I’m happy to say Grayson was a perfect gentleman when he came in (except he wasn't and still isn't a fan of the dog). He got along with all my cats. Molly also did well with everyone except one cat who bullied her. I can say now, present day, they all get along fine and I even introduced a new cat, who is FIV negative, to the house a year after bringing the two of them in. Molly still treats Grayson like he has a case of fleas and Grayson still approaches her with his usual regard of curious nonchalance when she gets grumpy. She likes personal space and he lacks (or chooses to ignore) the manners of graceful acceptance.
If there’s one thing I could tell anyone reading this about FIV+ cats, it’s that it’s not a death sentence. Cats can live long, healthy lives before experiencing issues, if they ever do. Grayson’s immune system was most likely compromised the moment he was shot with the BB gun. I saw him (and couldn’t get near him) at a time when I think the event occurred. The way he walked, I thought he’d been hit by a car. Knowing what I know now, I’m convinced that’s when his body probably was fighting to live and his immune system became weakened as a result of severe injuries. He came to me sickly and it took time to get his system under control again. Today, he’s healthy and could probably stand to lose a few ounces.
Molly, on the other hand, came to us healthy and has continued to stay that way. She’s on a limited ingredient food diet because she has a little bit of food sensitivity, but she also gets regular kitty treats and snacks with minimal issue. She’s very playful and loves being around people. I’ve only had to take her to see the vet when her annual checkups were due.
A few other things I think people should probably know (and you can totally look up or ask a vet about):
FIV is only transmitted from cat to cat. This is usually done through severe aggression (such as a deep bite/puncture wound). Swatting, smacking, or chasing each other is not going to spread the disease.
FIV is not the same as Feline Leukemia, which unfortunately can be spread through sharing bowls, litter boxes, etc. Cats with FIV can share food bowls and litter boxes with cats who don't have the virus.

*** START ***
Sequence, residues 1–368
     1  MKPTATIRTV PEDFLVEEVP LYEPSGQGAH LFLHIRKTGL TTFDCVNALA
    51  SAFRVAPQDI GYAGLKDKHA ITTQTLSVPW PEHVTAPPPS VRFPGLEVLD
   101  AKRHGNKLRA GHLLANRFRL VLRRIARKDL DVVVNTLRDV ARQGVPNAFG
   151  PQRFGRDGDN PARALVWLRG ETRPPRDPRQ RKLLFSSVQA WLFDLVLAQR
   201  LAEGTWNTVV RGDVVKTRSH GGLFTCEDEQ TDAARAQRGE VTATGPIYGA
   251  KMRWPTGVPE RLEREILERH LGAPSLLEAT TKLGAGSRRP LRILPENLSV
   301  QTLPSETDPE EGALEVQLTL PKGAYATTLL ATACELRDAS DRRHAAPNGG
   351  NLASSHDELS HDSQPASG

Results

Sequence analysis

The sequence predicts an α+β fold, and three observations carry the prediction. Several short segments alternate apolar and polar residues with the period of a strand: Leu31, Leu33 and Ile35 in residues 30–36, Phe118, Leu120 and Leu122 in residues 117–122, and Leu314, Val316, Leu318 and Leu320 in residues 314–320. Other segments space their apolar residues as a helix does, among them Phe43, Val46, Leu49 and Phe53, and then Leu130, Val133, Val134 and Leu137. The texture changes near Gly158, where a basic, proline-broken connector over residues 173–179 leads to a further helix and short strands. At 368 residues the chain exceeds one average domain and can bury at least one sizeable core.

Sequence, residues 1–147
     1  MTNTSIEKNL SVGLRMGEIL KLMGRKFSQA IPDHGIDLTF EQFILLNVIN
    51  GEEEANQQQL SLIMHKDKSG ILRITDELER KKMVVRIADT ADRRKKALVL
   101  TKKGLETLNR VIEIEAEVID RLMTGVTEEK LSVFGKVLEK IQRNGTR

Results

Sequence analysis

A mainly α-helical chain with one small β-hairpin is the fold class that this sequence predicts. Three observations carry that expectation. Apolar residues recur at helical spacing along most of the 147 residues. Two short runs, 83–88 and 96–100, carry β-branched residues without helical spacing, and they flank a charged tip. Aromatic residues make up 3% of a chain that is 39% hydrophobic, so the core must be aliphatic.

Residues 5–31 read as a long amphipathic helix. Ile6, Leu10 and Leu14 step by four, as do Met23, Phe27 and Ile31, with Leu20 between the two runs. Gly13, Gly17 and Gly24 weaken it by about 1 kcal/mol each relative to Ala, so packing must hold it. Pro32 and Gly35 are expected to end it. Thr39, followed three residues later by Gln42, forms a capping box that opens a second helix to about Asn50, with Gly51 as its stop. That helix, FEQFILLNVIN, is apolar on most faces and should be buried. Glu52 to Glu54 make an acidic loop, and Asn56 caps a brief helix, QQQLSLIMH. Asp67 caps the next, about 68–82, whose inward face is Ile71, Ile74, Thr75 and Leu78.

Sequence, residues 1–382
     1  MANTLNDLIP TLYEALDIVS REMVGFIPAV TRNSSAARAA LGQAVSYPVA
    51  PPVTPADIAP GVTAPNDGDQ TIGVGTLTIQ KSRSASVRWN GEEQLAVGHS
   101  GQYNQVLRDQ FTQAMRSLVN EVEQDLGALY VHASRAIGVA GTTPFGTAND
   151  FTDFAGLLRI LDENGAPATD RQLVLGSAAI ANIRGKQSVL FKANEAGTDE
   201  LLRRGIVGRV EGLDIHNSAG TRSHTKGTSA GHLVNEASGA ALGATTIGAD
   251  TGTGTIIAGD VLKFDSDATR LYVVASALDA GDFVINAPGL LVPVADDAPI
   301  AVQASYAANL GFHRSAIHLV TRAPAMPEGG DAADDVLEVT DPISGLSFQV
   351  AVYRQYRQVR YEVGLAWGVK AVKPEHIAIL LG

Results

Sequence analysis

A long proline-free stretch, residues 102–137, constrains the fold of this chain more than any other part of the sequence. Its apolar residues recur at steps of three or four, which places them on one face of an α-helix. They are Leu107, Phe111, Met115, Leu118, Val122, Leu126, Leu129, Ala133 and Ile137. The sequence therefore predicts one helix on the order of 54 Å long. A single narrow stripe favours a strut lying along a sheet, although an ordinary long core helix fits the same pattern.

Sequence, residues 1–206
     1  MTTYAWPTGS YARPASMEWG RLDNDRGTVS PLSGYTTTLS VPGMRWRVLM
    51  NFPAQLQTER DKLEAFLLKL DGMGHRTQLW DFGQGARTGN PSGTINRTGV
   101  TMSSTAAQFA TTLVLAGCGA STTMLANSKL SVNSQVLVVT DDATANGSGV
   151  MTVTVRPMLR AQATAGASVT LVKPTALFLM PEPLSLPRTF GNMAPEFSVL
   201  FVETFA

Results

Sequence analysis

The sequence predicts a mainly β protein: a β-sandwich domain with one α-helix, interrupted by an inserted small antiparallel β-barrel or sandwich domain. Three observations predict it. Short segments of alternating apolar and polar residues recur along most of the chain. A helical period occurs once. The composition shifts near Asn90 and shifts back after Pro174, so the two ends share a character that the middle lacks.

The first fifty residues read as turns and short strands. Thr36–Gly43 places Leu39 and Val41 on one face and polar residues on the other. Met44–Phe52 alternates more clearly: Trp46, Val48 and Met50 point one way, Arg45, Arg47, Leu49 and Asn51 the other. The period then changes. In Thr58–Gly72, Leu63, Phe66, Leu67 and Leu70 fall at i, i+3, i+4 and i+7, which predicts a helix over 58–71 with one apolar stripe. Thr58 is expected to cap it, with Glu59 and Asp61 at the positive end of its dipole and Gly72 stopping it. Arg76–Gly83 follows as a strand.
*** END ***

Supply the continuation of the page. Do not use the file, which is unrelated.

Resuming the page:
Cats with FIV are at risk of being euthanized at a much higher rate than cats without the virus.
Cats are already euthanized more frequently than dogs because there are more of them in the United States. When you add an illness, many people immediately think they don’t want the hassle. The animal is viewed as defective, or that it’s quickly going to become sick and die. These only compound a cat’s chances of being euthanized in shelters. Many who test positive won’t even make it out to an adoption floor. I’m hoping that by educating others, cats like Grayson and Molly can find homes that love them in spite of a disease that’s been long misunderstood. I'm hoping it can now be seen with a different point of view.
To follow the adventures of Grayson, check out his Facebook page here: Grayson the Brave (and hungry) FIV Cat.
Notes From the Editor:
Thank you, Stephanie for sharing your wonderful story of how these special FIV+ cats have made their way into your heart and home.
Stephanie shared a lot of facts with us and we would like to add a few of our own to help you know as much as you can about FIV.
What does FIV+ mean? FIV stands for Feline Immunodeficiency Virus. This virus is slow moving, and the cat’s immune system is severely weakened, which can open the cat up to all sorts of infections. Infected cats who receive supportive medical care and are kept in a stress-free, indoor environment can live relatively comfortable lives for months to years before the disease reaches its chronic stages.
What are the symptoms of FIV?
Enlarged lymph nodes
Abnormal appearance or inflammation of the eye (conjunctivitis)
Inflammation of the gums (gingivitis)
Inflammation of the mouth (stomatitis)
Skin redness or hair loss
Wounds that don’t heal
Discharge from eyes or nose
Frequent urination, straining to urinate or urinating outside of litter box
To learn more about FIV, you can visit the following sites: